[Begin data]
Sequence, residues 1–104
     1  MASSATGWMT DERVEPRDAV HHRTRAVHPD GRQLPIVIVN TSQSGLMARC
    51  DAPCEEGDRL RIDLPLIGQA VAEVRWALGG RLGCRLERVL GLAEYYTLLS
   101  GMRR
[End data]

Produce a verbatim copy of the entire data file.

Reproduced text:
Sequence, residues 1–104
     1  MASSATGWMT DERVEPRDAV HHRTRAVHPD GRQLPIVIVN TSQSGLMARC
    51  DAPCEEGDRL RIDLPLIGQA VAEVRWALGG RLGCRLERVL GLAEYYTLLS
   101  GMRR